Cryptojacking is not necessarily dangerous for your device or your funds. Cybercriminals that “highjack” your device simply use its computational power to run their mining software in the background without getting access to any sensitive files or cryptocurrency wallets.

That said, remember that there are still drawbacks to keep in mind. The biggest of course is the decrease in your device’s performance, which will become noticeable in time. Apart from that, another drawback to keep in mind is the disruption of your privacy, which for many people is important.

Next, let’s take a look at the realistic possibility of falling victim to cryptojacking and a few facts about the history of such issues.

What Are the Chances of Suffering a Cryptojacking Attack? 

Although cryptojacking is a relatively new type of hacking, it is already one of the most common online threats. Multiple people fell victims to these types of attacks during 2017 and 2018, but we can also see the issue occur regularly today.

Teams specializing in identifying this type of misconduct have identified attacks of this type happening since September 2017, which matches with the period when cryptocurrencies started to become better known by the mainstream public.

In an article published in October 2017, Fortune magazine suggested that cryptojacking is the next big security threat in the crypto industry, pointing out that users need to be careful of their devices. Subsequently, there was a 4000% increase in Android-based cryptojacking malware detections in the first quarter of 2018. Naturally, in time, the number of cryptojacking victims has decreased and today it is rather rare to observe it.

Is it Possible to Prevent Crypto Jacking? – Feasible Solutions

Source: globalsign.com

An obvious option is to block JavaScript in the browser you use to browse the internet. Although it interrupts drive-by type cryptojacking, it may also block some functions you would need to use on daily basis. This process may be somewhat complicated for people who have no technical experience, so make sure you keep reading.

The next option includes programs such as “No Coin” and “MinerBlock,” which block mining activities in popular browsers. The two extensions work for Chrome, Firefox, and Opera. Newer versions of browser Opera even have NoCoin built-in versions. However, the best approach is to avoid specific integrated solutions and look for a more comprehensive cybersecurity program.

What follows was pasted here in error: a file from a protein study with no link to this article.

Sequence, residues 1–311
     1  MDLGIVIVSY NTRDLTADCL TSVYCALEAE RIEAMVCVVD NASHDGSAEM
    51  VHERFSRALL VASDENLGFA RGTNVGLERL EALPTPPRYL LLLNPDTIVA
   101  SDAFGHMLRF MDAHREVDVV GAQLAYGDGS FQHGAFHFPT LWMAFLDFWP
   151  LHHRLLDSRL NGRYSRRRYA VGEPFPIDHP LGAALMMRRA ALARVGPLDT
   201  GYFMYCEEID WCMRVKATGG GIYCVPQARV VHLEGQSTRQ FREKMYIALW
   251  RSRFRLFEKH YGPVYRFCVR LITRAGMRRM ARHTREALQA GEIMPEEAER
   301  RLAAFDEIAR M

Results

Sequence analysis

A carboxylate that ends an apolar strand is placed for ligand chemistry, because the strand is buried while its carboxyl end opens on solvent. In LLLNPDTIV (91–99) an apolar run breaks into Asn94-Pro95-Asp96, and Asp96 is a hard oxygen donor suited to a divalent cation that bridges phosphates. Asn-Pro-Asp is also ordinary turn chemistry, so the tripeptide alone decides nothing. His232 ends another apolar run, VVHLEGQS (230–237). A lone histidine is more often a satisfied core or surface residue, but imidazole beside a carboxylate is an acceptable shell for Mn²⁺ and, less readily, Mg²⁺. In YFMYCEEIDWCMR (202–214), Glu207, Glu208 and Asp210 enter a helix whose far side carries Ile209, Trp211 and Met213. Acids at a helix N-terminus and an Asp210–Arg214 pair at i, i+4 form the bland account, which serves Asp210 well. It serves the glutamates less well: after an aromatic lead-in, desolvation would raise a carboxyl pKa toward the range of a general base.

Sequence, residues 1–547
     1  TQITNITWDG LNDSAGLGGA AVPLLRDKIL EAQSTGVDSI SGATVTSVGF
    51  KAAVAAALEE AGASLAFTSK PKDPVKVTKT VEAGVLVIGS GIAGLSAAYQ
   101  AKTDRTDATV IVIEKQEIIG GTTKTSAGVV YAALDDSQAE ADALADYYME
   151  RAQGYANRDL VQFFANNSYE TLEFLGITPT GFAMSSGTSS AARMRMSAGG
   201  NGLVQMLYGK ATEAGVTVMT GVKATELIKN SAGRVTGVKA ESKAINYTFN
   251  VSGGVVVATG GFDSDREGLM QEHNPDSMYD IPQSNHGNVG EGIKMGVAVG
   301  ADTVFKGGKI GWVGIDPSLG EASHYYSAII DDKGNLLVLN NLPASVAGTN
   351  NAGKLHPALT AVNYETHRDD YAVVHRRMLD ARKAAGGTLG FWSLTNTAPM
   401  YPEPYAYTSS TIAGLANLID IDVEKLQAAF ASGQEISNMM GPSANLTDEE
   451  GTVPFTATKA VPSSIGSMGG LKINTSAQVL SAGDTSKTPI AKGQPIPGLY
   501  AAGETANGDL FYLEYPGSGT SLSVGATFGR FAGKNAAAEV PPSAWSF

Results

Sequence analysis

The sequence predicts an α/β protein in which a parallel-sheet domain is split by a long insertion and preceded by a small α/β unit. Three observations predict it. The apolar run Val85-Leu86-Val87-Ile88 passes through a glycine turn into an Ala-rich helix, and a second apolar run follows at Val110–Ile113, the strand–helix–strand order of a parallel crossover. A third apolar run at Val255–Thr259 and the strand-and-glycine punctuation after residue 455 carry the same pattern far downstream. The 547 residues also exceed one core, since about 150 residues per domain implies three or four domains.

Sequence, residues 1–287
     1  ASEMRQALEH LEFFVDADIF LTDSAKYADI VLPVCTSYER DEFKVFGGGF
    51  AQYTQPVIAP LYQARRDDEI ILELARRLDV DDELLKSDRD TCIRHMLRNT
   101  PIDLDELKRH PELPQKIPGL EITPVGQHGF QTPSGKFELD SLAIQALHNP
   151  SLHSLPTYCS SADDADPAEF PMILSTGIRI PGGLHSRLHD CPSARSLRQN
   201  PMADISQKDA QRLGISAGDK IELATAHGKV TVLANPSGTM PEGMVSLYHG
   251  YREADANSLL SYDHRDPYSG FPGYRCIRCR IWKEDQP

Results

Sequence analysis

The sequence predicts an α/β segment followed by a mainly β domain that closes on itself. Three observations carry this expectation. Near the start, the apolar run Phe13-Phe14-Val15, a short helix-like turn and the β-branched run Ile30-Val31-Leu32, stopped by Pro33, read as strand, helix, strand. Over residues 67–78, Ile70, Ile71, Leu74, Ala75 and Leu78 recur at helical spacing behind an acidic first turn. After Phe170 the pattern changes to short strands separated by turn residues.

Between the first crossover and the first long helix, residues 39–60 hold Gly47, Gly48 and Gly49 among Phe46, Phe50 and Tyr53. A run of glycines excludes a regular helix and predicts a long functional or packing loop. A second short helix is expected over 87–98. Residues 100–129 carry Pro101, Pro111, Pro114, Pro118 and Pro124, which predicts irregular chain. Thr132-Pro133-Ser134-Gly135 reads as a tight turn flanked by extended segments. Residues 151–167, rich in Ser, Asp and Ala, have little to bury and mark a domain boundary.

If you think you’re suffering cryptojacking, seek guidance from a cybersecurity expert to avoid not only cryptojacking, but also malware, ransomware, and other online threats. Aside from that, you can also check online guides that take you through the process of discovering and dealing with these issues.

Regardless of whether hackers try to use malware, browser-based drive-by downloads, or Trojans, a comprehensive cybersecurity approach will keep you safe from cryptojacking. As always, you will need to do a little bit of due diligence before you are able to get started.

Final Thoughts 

Unfortunately, many individuals around the world have become victims of cryptojacking. While there are solutions to prevent a potential attack, crypto enthusiasts must be careful when mining, buying/selling, and storing their digital assets.

This happens primarily by getting the correct information before delving into the world of crypto, as well as using software to prevent unfortunate circumstances. In this article we analysed several options that you can follow to understand if you’ve been a victim and also how to resolve the issue.

As a final note to close this article, it is important to always review the collection of your downloaded software on regular timeframes to better understand if something is not right with your desktop or mobile device. This can easily be done through the settings of your computer. Every device has different settings so make sure you get the proper information for your device.